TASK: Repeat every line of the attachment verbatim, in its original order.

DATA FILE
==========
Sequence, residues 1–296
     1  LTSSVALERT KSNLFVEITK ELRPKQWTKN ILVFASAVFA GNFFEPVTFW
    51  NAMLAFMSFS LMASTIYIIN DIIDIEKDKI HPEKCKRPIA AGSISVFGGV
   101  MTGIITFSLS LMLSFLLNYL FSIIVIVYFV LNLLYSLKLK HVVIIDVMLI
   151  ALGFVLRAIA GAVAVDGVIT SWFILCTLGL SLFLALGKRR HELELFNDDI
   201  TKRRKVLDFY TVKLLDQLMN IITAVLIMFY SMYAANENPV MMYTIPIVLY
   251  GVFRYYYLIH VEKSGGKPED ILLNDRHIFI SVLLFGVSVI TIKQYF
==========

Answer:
Sequence, residues 1–296
     1  LTSSVALERT KSNLFVEITK ELRPKQWTKN ILVFASAVFA GNFFEPVTFW
    51  NAMLAFMSFS LMASTIYIIN DIIDIEKDKI HPEKCKRPIA AGSISVFGGV
   101  MTGIITFSLS LMLSFLLNYL FSIIVIVYFV LNLLYSLKLK HVVIIDVMLI
   151  ALGFVLRAIA GAVAVDGVIT SWFILCTLGL SLFLALGKRR HELELFNDDI
   201  TKRRKVLDFY TVKLLDQLMN IITAVLIMFY SMYAANENPV MMYTIPIVLY
   251  GVFRYYYLIH VEKSGGKPED ILLNDRHIFI SVLLFGVSVI TIKQYF